Author(s): Colson CR, De Broe ME
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Abstract In the developing world, up to 80\% of the population uses traditional medicine for primary health care. In industrialized countries, adaptations of traditional medicine, termed "complementary" or "alternative" medicine (CAM), are used by a growing number of patients for preventive or palliative care. However, alternative medicine (AM) may be an important risk for the development of acute and chronic kidney injury because of several factors: nonconventional preparations rarely meet the required essential standards of consistency in composition and biological activity; many of these products contain undisclosed over-the-counter or prescription drugs or can be adulterated with hormones and glandular extracts; herbal preparations can be contaminated by pesticides and heavy metals; and because of errors in plant identification and confusing terminology, opportunities for mistakes and deliberate substitution can occur. Furthermore, there is a lack of reports of adverse events and drug interactions because of a lack of professional surveillance, and specific data on systemic and kidney toxicity are not easily available. Kidney injury/kidney syndromes caused by AM consist of acute tubular necrosis/toxicity (eg, Fanconi's syndrome), acute interstitial nephritis, papillary necrosis, hypertension, kidney stones, urinary retention, chronic tubulointerstitial nephritis with fibrosis, urinary tract carcinoma, and acute rejection of the kidney transplant. To improve the care for patients using AM, extension of physicians' knowledge about its possible hazards and toxicity is essential. This review deals with acute and chronic kidney toxicity caused by animal-, plant-, and mineral-based, nonconventional medicine and kidney failure caused by drug interactions with AM.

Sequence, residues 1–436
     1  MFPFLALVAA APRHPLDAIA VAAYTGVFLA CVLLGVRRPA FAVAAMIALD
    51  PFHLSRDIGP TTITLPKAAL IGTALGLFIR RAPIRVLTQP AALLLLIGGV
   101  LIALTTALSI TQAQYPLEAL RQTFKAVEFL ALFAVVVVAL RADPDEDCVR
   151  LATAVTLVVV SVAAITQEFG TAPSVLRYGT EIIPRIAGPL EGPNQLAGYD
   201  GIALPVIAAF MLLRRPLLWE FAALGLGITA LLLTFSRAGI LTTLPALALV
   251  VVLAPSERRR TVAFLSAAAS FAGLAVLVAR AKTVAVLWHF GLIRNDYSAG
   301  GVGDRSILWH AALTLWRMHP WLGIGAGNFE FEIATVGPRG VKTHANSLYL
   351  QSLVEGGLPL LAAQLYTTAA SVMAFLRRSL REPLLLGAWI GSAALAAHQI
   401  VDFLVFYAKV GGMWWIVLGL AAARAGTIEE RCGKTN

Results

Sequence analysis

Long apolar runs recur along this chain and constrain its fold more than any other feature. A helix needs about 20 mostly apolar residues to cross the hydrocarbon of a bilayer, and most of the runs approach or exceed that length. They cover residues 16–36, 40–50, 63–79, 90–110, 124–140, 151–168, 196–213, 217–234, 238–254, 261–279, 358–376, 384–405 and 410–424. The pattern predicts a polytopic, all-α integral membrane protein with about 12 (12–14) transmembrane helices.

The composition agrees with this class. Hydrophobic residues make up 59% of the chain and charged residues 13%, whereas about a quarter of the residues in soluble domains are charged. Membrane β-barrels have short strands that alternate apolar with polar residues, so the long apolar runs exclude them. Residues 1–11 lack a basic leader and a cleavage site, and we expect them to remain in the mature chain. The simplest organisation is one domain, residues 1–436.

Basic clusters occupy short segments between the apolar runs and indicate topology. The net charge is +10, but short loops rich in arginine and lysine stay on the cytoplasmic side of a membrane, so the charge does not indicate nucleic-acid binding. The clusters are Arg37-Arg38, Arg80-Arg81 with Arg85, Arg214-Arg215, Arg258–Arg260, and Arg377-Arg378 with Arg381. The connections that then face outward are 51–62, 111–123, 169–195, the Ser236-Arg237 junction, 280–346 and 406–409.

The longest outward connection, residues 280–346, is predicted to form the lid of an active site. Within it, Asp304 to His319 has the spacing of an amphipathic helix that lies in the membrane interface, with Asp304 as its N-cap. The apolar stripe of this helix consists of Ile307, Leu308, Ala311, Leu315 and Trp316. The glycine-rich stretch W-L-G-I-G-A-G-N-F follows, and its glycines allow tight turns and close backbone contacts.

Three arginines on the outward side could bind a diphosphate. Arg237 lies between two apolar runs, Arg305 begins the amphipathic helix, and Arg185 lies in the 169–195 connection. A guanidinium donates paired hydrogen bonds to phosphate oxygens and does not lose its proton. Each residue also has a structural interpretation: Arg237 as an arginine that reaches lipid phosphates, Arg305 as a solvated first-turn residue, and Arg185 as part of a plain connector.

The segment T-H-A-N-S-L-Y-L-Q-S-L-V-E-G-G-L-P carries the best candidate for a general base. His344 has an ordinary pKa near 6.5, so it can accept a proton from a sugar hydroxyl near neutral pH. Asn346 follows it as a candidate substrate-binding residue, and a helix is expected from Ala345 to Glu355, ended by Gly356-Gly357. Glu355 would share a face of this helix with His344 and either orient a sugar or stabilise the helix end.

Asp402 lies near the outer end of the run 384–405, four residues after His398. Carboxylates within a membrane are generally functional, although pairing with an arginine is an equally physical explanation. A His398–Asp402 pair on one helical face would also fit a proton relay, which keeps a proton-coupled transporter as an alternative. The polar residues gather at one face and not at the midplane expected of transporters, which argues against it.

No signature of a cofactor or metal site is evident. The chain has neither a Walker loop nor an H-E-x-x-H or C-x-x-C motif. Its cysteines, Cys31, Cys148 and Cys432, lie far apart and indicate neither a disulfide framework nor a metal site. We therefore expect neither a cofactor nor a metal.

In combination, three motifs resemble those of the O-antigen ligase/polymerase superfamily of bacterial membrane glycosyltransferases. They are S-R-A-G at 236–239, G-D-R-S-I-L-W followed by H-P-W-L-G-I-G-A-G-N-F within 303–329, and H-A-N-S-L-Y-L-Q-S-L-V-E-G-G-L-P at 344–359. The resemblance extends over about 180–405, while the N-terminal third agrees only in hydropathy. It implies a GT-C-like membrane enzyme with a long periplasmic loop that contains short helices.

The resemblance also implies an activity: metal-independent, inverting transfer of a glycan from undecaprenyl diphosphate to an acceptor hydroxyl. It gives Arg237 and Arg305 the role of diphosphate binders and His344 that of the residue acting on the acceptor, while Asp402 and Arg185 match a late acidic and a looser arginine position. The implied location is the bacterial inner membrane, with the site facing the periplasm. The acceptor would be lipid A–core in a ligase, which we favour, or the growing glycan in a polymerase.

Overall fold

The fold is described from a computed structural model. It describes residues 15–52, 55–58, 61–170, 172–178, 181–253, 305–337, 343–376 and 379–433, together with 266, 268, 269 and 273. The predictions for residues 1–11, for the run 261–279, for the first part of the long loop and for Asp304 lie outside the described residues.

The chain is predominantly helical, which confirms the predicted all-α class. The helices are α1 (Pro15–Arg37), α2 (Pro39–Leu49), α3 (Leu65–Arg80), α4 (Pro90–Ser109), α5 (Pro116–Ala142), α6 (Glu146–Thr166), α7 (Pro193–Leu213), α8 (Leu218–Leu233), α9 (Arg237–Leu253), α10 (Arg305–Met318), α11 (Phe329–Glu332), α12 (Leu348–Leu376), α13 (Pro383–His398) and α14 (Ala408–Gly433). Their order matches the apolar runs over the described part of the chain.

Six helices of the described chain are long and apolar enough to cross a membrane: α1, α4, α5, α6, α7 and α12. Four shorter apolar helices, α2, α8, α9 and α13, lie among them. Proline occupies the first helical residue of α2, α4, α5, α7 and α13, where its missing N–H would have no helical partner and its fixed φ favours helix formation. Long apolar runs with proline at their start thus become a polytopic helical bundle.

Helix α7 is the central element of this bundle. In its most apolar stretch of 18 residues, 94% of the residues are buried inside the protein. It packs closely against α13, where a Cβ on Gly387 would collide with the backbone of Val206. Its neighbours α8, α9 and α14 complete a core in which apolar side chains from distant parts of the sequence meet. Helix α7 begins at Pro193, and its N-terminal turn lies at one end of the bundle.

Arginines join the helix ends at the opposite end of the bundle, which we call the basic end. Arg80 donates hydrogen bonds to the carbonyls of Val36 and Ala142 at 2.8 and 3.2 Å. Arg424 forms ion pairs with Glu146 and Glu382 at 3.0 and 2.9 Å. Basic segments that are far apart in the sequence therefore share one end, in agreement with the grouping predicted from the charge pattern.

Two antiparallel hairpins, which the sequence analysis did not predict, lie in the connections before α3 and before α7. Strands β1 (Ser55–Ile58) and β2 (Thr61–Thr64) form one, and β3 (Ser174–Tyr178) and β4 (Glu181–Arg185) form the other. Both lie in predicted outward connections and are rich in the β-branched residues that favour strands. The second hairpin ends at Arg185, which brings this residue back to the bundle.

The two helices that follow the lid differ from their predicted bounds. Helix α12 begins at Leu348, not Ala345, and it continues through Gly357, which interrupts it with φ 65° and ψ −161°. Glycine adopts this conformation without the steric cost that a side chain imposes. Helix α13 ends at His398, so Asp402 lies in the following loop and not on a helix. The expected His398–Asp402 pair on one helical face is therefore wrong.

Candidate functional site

This article was published in Adv Chronic Kidney Dis
and referenced in Journal of Clinical Toxicology